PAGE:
When I began vacuuming today I noticed my two year old son sitting on the rug by our stairs with a book in his lap. The book is about one-third the size of his entire body. As he sat there pouring over the pictures in his book, a peaceful yet intent expression on his face, the sun shone it’s light through a nearby window and highlighted the tips of his pale-yellow hair. The image was so sweet and genuine that it caused me to feel a little choked-up. It also got me thinking about memories I have of each of my children, and of how those memories will likely keep me company throughout life, even when I am old and grey.
I recognize that not everyone is inclined to want children, and that is just fine. The world needs adults that are not so tied down to one spot or one situation. People are needed in the far reaches of the world to administer medical care or help with famines. On a more local note, employees without children can often be relied upon to fill in the gaps when another employee’s child is sick, thus keeping that employee home for the day. In other words, adults that are childless are free to do things that parents are not, and there is certainly value in that. However, there is great value in being a parent, and adults with children get to experience all sorts of things that their childless peers do not.
I have been there for the first steps of all but one of my children, and the smiles they shared with me at those times made my heart swell with happiness and pride. Rocking them to sleep in the middle of the night and feeling their warm little bodies and steady breathing calmed me to complete contentedness. Listening to them learn to speak individual words, and then to combine those words in rudimentary sentences has been a joy to my world.
Three of my four children are in the double-digits now, but I still take joy and pride in their growth and successes. My oldest son enjoys drawing and coming up with his own card games. Seeing him hunched over a sheet of paper with his pencils and erasers scattered around as he intently and skillfully draws out his characters helps me to see the dedication and control he is capable of. My second oldest likes to go out on bug hunting adventures. When I look out my kitchen window and see him scouring the grass and sides of buildings, looking for an insect or arachnid, I am reminded of myself at that age. My only daughter thoroughly enjoys a good book and rarely misses a chance to sneak off and hide away as she devours it. Her interest in reading reminds me of my mother and inspires me to pick up a book more often.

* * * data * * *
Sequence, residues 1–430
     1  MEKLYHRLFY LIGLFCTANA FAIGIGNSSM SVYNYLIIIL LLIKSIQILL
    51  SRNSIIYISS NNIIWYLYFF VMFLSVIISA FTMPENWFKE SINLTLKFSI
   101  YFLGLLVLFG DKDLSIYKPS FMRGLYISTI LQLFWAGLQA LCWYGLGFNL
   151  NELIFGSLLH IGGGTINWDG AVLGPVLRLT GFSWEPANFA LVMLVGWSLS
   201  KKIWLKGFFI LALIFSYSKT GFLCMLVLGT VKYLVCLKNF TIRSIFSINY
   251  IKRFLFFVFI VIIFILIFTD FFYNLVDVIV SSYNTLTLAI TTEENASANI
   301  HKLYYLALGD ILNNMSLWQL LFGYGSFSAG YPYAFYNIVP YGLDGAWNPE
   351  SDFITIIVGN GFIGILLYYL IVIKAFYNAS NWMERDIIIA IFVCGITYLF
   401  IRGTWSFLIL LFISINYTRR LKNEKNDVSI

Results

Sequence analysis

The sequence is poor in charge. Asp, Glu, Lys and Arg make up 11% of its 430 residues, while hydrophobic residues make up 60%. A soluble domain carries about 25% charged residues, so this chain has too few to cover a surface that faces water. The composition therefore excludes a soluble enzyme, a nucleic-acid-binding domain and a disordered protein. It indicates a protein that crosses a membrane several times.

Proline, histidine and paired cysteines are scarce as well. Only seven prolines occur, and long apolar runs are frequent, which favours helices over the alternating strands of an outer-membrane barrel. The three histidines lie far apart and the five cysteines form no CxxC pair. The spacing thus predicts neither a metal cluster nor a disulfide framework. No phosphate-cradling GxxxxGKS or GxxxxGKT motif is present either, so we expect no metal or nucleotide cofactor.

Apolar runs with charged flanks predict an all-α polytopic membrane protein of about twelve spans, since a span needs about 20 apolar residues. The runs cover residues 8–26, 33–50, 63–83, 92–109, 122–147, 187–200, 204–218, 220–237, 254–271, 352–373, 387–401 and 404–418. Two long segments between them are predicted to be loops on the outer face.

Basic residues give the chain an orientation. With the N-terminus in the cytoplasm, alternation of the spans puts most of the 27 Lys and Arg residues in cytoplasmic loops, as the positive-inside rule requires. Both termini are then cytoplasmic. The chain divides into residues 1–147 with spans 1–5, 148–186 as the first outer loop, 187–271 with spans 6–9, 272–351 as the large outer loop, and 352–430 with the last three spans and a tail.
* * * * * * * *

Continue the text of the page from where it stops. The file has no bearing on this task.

My memories of my children are not always based in exact moments or events. Oftentimes they are impressions and feelings that I have. These impressions and feelings are inspired by their smiles, laughs, words, interests, and skills. It is difficult for me to explain, but I am sure some other parents out there know what I speak of.
It is my opinion that children generally are not valued as much as they should be. There are so many things in our lives today that distract us from our kids and their wellbeing. Work, entertainment, money, friends, hobbies, they all carry the potential to rob time away from these gifts from God. As parents, we must be diligent and deliberate in setting aside not only our time, but our emotional, mental, physical, and spiritual energy for the purpose of using it for our children’s benefit.
I have said my piece for now, and I should get going. My toddler is crawling up to me, tongue lolling out of his mouth as he pants, pretending to be a puppy. He wants me to throw his ball for him, the smile on his face is broad and bright, my love for him dictates that I comply. More memories are sure to follow.